Federal Communications Commission Chairman Tom Wheeler indicated this week that he still intends to enforce net neutrality rules after a three-judge panel struck down the means the FCC was using to enforce it. Those rules required that internet service providers treat all web traffic equally. The court didn't strike down the concept of that rule, just how the FCC had chosen to do it, and hinted at more than one way that the FCC could change its enforcement. Wheeler, apparently, is leaning toward a case-by-case approach.
"The court took a look at the anti-discrimination and non-blocking structure," Wheeler said at a Washington conference Tuesday, "not the concepts. ... I interpret what the court did as an invitation to us, and I intend to accept that invitation." [...]That leaves ISPs in the position of playing the odds, essentially, over whether or not the FCC is going to go after them for any given violation. That's certainly not as strong as one of the other options the court made clear was available to the FCC: reclassifying ISPs to make broadband companies fit under the same classification as other telecommunications companies the FCC regulates without question.
While the agency can't lay down a blanket rule prohibiting ISPs from abusing their power, it could go after offending companies on a case-by-case basis. This is exactly what Wheeler has in mind.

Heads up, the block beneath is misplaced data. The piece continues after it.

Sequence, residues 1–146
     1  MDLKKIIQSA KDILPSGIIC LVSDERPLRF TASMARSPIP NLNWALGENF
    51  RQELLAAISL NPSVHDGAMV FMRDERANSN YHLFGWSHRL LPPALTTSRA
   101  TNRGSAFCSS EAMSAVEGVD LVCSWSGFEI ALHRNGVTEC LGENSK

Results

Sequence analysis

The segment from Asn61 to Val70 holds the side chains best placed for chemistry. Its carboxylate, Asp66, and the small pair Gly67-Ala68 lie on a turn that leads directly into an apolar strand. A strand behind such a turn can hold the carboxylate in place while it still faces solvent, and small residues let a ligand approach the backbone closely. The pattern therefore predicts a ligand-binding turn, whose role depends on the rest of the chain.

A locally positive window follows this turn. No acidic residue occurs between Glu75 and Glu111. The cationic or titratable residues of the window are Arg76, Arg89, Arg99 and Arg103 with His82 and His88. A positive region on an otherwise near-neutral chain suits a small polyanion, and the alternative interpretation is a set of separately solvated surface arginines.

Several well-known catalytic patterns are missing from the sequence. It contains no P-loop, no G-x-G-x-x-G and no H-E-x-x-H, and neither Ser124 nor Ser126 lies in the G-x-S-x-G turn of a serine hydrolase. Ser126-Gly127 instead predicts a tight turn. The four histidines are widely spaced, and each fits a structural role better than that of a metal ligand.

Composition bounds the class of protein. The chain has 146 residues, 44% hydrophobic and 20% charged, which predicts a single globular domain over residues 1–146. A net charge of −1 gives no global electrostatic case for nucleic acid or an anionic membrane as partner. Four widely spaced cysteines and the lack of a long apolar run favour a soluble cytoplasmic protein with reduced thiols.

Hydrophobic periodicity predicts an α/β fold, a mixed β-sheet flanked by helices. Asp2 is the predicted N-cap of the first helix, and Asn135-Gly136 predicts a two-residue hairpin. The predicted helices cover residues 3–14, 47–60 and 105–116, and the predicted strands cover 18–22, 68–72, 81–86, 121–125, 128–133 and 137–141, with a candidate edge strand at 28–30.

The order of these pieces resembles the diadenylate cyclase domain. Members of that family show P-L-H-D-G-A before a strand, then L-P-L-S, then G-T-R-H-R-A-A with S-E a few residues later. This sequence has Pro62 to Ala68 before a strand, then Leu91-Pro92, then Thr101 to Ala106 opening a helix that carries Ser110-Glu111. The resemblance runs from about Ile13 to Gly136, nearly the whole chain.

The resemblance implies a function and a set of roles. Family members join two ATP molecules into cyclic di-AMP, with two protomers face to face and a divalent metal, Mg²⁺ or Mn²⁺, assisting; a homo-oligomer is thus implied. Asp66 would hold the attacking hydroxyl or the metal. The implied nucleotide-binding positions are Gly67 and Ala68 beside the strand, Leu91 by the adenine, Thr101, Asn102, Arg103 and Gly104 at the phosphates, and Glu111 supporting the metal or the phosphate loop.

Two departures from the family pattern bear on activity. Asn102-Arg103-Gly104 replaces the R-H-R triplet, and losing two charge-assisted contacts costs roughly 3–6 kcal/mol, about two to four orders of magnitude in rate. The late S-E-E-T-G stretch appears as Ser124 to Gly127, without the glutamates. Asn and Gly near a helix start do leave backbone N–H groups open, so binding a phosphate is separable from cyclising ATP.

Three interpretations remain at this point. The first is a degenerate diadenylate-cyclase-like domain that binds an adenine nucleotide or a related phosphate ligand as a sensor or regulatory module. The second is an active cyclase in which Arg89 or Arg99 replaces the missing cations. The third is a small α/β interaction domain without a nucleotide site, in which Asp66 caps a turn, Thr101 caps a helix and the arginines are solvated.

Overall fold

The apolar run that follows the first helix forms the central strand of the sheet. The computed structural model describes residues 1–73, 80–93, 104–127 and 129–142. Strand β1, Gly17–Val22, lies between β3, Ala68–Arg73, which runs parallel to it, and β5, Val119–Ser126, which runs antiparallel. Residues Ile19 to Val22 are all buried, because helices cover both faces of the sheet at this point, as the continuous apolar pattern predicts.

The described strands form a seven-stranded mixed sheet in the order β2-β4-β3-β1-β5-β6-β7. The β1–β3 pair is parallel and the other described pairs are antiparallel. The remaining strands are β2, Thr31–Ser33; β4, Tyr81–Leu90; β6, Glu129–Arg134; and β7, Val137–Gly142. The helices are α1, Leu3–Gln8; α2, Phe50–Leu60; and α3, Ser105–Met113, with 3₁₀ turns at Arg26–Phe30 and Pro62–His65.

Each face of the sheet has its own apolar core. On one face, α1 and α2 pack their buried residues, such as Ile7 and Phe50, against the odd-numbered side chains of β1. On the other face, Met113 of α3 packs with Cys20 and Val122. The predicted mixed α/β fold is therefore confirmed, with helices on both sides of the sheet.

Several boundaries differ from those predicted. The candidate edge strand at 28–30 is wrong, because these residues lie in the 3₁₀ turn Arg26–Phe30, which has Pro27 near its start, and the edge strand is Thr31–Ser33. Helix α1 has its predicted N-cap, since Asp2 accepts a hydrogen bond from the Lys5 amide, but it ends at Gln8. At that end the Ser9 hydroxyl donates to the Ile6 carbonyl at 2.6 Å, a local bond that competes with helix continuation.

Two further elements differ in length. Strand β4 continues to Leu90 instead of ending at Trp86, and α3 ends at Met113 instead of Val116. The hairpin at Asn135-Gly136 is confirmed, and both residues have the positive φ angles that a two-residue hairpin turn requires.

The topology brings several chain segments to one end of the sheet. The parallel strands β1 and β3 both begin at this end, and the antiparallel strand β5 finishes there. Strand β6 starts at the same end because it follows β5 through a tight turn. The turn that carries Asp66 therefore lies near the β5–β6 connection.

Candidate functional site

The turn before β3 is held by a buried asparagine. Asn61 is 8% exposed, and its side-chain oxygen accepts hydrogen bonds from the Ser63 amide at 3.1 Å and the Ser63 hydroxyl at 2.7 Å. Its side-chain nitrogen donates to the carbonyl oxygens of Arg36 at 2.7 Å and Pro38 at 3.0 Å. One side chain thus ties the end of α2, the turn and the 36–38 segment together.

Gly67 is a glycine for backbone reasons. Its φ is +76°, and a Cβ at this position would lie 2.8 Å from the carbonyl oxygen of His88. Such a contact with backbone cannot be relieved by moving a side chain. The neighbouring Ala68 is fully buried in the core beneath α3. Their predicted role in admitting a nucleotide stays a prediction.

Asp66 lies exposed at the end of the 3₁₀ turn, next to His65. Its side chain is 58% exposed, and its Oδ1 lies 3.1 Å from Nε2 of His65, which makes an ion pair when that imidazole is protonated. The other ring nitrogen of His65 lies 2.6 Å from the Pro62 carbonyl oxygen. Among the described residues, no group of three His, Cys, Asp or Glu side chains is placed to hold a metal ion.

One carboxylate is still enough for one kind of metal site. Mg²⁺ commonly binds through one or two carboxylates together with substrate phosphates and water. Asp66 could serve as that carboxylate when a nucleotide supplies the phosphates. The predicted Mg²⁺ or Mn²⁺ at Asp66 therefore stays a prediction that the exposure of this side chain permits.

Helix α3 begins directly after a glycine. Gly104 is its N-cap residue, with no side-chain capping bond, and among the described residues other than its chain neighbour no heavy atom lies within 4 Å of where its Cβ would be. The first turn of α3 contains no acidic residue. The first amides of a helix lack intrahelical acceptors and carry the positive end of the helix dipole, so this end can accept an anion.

"We are not reticent to say, 'Excuse me, that's anti-competitive. Excuse me, that's self dealing. Excuse me, this is consumer abuse,'" said Wheeler on Tuesday. "I'm not smart enough to know what comes next [in innovation]. But I do think we are capable of saying, 'That's not right.' And there's no hesitation to do that."
As EFF persuasively argues, reclassification isn't the be-all and end-all solution in part because the FCC can be somewhat arbitrary from year to year in making and enforcing rules. What's really needed is actual legislation. But legislation isn't happening any time soon (because face it, this Congress isn't doing much of anything any time soon) and will be a huge pull for activists, given the industry's influence in Congress. At this point, the best hope for net neutrality is still the FCC reclassifying ISPs and using its blanket authority to enforce it.